This composite image depicts Jupiter's cloud formations as seen through the eyes of NASA's Juno's Microwave Radiometer (MWR) instrument as compared to the top layer, a Cassini Imaging Science Subsystem image of the planet.
NASA's Juno spacecraft shows a southern hemisphere view of Jupiter shows the transition between banded structures near the equator and the more chaotic features near the polar region, as seen on August 27, 2016.
NASA's Juno spacecraft acquired this view of Jupiter's south polar region about an hour after closest approach on Aug. 27, 2016, when the spacecraft was about 58,700 miles (94,500 kilometers) above the cloud tops.
Jupiter's north polar region is coming into view as NASA's Juno spacecraft approaches the giant planet. This view of Jupiter was taken on August 27, when Juno was 437,000 miles (703,000 kilometers) away.
This dual view of Jupiter was taken on August 23, when NASA's Juno spacecraft was 2.8 million miles (4.4 million kilometers) from the gas giant planet on the inbound leg of its initial 53.5-day capture orbit.
This color view from NASA's Juno spacecraft is made from some of the first images Juno took after the spacecraft entered orbit around Jupiter on July 5th. The view shows that JunoCam survived its first pass through Jupiter's extreme radiation environment
NASA's Juno spacecraft obtained this color view on June 28, 2016, at a distance of 3.9 million miles from Jupiter. As Juno nears its destination, features on the giant planet are increasingly visible, including the Great Red Spot.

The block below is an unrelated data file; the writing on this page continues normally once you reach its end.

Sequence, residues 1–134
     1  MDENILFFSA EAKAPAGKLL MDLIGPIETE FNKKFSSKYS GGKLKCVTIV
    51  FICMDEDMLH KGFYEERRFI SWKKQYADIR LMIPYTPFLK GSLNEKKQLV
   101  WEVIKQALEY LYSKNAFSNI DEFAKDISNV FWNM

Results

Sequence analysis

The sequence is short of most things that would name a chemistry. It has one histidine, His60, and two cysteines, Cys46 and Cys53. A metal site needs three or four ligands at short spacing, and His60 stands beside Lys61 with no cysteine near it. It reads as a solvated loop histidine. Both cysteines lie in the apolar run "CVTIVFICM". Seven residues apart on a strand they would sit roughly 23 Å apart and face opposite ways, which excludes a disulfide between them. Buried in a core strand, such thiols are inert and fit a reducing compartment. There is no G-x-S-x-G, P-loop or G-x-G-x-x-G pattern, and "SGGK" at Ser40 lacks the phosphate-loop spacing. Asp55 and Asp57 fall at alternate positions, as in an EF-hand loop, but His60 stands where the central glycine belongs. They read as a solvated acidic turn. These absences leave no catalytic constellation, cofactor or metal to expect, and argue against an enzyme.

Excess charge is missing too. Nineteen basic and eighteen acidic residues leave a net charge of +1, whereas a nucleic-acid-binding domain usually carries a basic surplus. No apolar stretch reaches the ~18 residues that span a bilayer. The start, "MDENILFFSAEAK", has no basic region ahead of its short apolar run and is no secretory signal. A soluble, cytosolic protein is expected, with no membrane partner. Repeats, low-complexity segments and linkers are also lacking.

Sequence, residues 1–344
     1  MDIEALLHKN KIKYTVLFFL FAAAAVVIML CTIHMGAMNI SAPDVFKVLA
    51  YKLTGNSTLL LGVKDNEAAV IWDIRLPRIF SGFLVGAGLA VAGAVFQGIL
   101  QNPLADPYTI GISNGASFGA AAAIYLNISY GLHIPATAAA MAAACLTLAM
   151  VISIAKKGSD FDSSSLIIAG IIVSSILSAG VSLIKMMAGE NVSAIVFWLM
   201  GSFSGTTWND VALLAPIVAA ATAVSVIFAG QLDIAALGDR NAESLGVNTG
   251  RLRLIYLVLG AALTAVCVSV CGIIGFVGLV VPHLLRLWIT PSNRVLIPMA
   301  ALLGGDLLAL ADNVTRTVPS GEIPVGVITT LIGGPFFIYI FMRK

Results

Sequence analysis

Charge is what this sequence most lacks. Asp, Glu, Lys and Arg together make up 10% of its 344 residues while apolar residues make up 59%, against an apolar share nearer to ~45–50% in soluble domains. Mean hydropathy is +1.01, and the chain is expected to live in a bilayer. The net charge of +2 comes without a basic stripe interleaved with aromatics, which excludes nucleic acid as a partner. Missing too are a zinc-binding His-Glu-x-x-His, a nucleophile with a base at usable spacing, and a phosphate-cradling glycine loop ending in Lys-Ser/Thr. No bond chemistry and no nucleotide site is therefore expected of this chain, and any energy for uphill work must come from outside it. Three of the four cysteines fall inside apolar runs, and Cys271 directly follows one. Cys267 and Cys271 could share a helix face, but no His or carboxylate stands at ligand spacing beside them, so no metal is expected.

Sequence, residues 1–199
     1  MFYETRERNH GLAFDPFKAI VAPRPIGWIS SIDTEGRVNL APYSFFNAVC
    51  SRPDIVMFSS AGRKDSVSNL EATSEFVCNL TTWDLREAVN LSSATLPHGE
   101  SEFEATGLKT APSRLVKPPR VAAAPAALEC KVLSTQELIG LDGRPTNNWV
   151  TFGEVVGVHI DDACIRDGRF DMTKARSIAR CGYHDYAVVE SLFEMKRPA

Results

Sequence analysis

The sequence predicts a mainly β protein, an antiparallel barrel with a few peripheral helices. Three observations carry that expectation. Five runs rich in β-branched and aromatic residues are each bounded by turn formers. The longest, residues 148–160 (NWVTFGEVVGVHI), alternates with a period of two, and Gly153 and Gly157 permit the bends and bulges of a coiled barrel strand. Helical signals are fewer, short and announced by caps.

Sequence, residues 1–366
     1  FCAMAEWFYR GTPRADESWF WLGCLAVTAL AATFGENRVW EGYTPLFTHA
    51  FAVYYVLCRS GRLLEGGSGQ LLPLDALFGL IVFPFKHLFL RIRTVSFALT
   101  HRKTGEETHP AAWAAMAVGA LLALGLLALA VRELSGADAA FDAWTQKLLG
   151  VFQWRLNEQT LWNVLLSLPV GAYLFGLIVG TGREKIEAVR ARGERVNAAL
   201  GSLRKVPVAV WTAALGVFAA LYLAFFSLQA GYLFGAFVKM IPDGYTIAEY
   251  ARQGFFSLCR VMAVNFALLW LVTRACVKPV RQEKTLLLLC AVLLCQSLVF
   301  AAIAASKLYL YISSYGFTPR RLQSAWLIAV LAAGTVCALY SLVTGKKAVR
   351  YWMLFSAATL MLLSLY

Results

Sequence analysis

This still from an animation of four images shows Jupiter in infrared light as seen by NASA's InfraRed Telescope Facility, or IRTF, on May 16, 2015. The observations were obtained in support of NASA's Juno mission.
This map shows the distribution of water in the stratosphere of Jupiter as measured with the Herschel space observatory. White and cyan indicate highest concentration of water, and blue indicates lesser amounts.
Vortices Bump into a Hot Spot in Jupiter's Atmosphere
In this series of images from NASA's Cassini spacecraft, a dark, rectangular hot spot interacts with a line of vortices that approaches from on the upper-right side. The interaction distorts the shape of the hot spot, leaving it diminished.
The dark hot spot in this false-color image from NASA's Cassini spacecraft is a window deep into Jupiter's atmosphere. All around it are layers of higher clouds, with colors indicating which layer of the atmosphere the clouds are in.